to universal spirituality that is central to hundreds of Sai Baba’s discourses. This
exclusivity is an ever-recurring theme in informal conversations of many
followers and not least visitors to the SSO activities, and is also discussed
regularly at regional meetings for coordinators.
level of ‘morals’ preached by Sai Baba – so puritanical and pietistic as to be
evidently largely unattainable by anyone - raise expectations among believers
to themselves and towards others that are bound to lead to constant disappointments
in actual experience. The above-noted discrepancies between word and word
- and word and action – have to be accepted either as being beyond all mere
human understanding, or as ‘tests of faith’ set by the all-knowing sadguru (i.e. true spiritual master) to see of what mettle the aspirant is made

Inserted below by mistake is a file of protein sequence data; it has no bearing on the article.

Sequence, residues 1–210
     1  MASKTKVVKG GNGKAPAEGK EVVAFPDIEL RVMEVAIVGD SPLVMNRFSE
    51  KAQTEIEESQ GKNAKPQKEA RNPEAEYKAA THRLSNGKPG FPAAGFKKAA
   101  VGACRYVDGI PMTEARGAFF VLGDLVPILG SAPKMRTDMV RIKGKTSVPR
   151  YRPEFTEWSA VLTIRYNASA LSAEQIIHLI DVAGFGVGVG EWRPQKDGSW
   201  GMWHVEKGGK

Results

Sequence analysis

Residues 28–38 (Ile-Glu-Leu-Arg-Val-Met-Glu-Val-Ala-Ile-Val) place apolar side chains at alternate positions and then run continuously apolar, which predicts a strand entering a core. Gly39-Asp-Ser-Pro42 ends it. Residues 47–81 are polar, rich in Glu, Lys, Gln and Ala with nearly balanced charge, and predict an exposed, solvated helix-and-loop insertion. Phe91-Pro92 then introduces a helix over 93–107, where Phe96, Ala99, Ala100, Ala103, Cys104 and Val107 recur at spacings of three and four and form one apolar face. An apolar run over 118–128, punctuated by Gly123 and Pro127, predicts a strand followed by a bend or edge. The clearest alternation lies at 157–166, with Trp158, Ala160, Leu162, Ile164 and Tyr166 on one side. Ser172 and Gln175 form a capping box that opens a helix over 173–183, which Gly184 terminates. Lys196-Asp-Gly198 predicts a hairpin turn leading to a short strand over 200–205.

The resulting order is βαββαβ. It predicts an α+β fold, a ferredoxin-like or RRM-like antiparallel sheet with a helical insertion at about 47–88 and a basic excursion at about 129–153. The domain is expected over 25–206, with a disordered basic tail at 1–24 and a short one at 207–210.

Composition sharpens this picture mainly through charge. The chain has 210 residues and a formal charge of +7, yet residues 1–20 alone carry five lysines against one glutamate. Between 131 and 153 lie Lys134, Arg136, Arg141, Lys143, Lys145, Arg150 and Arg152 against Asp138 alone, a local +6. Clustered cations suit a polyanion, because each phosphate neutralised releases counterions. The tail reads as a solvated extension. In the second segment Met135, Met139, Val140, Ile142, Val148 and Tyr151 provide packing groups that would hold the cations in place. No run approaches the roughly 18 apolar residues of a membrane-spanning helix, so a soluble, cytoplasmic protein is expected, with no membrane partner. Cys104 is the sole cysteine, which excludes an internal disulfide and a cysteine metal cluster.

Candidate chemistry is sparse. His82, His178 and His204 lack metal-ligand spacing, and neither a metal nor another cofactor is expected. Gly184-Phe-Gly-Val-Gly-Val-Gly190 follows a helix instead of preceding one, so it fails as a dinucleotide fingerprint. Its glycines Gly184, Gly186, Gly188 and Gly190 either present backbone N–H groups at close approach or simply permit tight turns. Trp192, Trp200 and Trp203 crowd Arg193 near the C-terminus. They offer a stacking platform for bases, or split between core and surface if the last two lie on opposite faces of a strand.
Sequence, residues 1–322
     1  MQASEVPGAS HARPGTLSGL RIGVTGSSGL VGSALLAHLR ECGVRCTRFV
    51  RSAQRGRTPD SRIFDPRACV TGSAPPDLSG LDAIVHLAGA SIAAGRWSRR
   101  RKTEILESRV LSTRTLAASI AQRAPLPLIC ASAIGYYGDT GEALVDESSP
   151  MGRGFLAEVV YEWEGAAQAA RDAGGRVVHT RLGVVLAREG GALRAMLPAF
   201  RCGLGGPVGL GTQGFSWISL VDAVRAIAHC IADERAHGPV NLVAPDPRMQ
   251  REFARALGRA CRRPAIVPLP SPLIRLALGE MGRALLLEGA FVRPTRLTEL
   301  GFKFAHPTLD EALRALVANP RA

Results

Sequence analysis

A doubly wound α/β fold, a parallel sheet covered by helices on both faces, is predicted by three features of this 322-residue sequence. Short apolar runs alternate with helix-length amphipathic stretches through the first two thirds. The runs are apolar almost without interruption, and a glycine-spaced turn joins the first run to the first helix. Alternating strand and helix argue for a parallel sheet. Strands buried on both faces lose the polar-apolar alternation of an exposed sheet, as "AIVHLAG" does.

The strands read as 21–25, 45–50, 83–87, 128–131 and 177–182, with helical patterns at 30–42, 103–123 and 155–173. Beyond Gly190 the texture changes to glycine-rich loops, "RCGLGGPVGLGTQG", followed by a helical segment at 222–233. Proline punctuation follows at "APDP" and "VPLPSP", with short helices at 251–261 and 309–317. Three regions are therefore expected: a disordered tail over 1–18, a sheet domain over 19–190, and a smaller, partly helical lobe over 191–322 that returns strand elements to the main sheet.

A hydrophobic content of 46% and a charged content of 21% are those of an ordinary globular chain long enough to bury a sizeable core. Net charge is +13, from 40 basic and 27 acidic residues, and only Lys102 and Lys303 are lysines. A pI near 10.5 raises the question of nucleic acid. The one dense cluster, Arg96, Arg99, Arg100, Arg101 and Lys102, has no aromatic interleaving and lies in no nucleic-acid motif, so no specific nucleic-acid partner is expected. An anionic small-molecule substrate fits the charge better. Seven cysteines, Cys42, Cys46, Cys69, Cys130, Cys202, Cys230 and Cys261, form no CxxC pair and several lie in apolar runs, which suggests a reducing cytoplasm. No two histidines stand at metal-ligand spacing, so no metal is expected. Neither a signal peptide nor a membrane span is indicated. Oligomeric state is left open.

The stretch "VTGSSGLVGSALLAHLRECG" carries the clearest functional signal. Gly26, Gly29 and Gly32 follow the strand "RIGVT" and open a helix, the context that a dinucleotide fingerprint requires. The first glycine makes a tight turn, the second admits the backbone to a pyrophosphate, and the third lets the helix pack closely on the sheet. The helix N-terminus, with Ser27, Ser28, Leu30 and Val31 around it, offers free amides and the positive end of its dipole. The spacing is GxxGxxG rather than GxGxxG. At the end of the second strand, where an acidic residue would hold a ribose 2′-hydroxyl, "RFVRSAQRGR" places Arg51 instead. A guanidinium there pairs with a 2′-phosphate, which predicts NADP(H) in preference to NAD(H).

(i.e. whether there is blind faith or not). These expectations are apparently
somehow often kept alive by sheer willpower and sheer hope, despite continual
disillusionments. Sai Baba has repeatedly said before crowds at major festivals
that he cannot see one true devotee among them. He has said, for example,
“Where is the devotee to be found who is pure in thought, word and deed.
God is searching for such a devotee.” (Sathya Sai Speaks 1990s ed.
Vol. 28, p .14) This creates a virtual ‘no-win situation’ where those who
get few blessings from Baba are probably kept striving and in line.
to SSO groups/centres and first-time visitors to the ashrams, who have been led
in advance to believe that they are entering the company of virtual budding